Recently injured jumper at James Bridge is a reminder of devastating 2010 incident

This photo of former Gainesville resident Vernon White was taken in Texas in the 1990s – several years before he jumped headfirst from a pier platform at James Bridge near Dawt, breaking his neck, crushing several vertebrae and leaving him a paraplegic.

Now confined to a wheelchair and living near Kansas City with long-time companion Lisa Symington Conklin, White cannot walk and has only limited movement in his arms.

White broke his neck when he jumped headfirst from a platform supporting the middle pier of the old James Bridge, shown in this 2016 photo. The bridge was destroyed in the 2017 floods, and teh area below the new bridge that replaced it is no longer used as an access on the North Fork of the White River.

Last month’s report of a woman who reportedly broke her ankle and leg after jumping feet-first from the James Bridge into the North Fork of the White River northeast of Dawt reminded some area residents of a similar incident nine years ago that left an Ozark County man paralyzed.

Vernon White, a 1983 graduate of Gainesville High School, had just turned 45 three days before July 31, 2010, the day his life changed forever. White’s long-time companion, 1982 GHS grad Lisa Symington Conklin, said during that time of their lives she and White loved floating the river in tubes with friends, usually putting it at Patrick Bridge on H Highway and floating to the James Bridge, which for many years was an unofficial take-out spot on PP Highway. “It was an every-Saturday thing for us in the summer,” she said. 

But Conklin wasn’t with White that day. “He was with a bunch of other friends, and I had stayed home,” she said. 

White and his friends apparently floated the river to James Bridge, where they had left vehicles, but no one seems to remember exactly what happened after they arrived there. 

“I know alcohol was involved,” Conklin said. “He says he doesn’t remember anything except jumping off the platform that supported the bridge’s middle pier – I think he jumped head-first – and then he remembers waking up with his face in the water and he couldn’t move.”

Conklin said, from what she had pieced together, the incident happened sometime between 5 and 7 p.m. “A couple found him floating face-down in the water and did CPR until the ambulance could get there,” she said. “Then they flew him to Mercy Hospital in Springfield.”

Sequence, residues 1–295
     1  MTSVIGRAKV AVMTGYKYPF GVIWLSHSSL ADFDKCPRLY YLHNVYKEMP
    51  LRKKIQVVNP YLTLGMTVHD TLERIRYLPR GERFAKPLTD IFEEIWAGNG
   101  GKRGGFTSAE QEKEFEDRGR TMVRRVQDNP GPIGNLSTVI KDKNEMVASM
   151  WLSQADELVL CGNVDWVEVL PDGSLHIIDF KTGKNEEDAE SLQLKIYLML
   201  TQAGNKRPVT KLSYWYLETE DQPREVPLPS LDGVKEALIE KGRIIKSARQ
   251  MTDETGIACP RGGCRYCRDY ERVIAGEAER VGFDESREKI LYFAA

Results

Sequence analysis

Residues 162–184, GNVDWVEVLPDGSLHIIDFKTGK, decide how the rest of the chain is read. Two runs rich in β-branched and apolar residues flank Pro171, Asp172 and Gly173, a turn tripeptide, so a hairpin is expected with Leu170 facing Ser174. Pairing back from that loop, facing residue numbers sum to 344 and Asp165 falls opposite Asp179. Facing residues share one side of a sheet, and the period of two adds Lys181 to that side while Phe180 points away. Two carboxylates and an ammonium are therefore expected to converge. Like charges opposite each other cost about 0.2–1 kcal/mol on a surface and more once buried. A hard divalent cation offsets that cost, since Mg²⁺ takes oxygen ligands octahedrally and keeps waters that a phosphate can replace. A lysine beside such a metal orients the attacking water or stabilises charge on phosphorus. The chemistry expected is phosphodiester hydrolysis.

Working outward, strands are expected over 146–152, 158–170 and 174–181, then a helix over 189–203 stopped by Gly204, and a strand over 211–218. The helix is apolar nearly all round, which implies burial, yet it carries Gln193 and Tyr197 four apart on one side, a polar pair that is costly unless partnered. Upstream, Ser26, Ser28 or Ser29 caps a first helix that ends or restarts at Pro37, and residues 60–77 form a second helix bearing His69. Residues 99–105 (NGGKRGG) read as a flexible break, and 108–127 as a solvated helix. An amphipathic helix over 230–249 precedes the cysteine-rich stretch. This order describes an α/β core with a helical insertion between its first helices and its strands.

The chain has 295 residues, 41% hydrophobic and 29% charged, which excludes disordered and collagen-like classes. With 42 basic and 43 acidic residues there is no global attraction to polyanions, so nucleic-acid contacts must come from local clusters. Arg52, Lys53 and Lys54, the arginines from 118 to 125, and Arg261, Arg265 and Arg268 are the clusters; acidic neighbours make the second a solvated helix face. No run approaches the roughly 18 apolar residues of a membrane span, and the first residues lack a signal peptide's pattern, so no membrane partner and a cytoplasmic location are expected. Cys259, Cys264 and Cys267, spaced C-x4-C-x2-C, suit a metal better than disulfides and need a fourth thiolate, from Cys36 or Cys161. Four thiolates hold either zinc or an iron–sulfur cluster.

Meanwhile, Conklin was back home, waiting – and worrying. “I had supper fixed and waiting for him to come home,” she said.

Curiously, none of the people who’d floated with White remembered seeing him at James Bridge. “His friend who’d been with him didn’t know where he was. When they left James Bridge they didn’t see him. Even our son, who’s 31 now, was with him, and he doesn’t remember seeing his dad at the bridge,” Conklin said.

Apparently, each of the people he’d floated with thought he was riding home with one of the other friends in the party or had gotten home on his own. 

“Like I said, I’m sure alcohol involved,” Conklin said. 

Finally, about 11 p.m., a friend called Conklin and “said they thought they had heard his name on the scanner about being life-flighted,” she said. “But no one came by, no one from the sheriff’s office called or anything – and they knew us because we grew up there.”

The friend drove her to the Springfield hospital early the next morning. “That’s when I found out he was a quadriplegic and would never walk again,” she said. “He done a number on himself. Broke his neck and crushed the C2 down to the C6 vertebrae. He has limited movement in his arms. He can get them up to his neck but not back down. He has a wrist brace that will hold a spoon and fork. He can feed himself, and he can hold a coffee cup with his thumb. Everything else, I do for him.”

White can also use a computer and is active on Facebook, connecting with several Ozark County friends 

Before the accident, he had worked for Heritage Flooring on J Highway south of Hardenville. And before that, “for 15 years, we traveled, and he was an ironworker building Wal-mart distribution centers,” Conklin said, adding that they’ve been together 30 years.

In addition to their son who was on the river with his dad that day, they have a daughter who’s married and has two daughters. When their grandchildren arrived, they moved from Gainesville to Grain Valley, a Kansas City suburb, to be with them. “Up here, we get to be with our granddaughters daily. We all like that,” she said.

Ozark County Times

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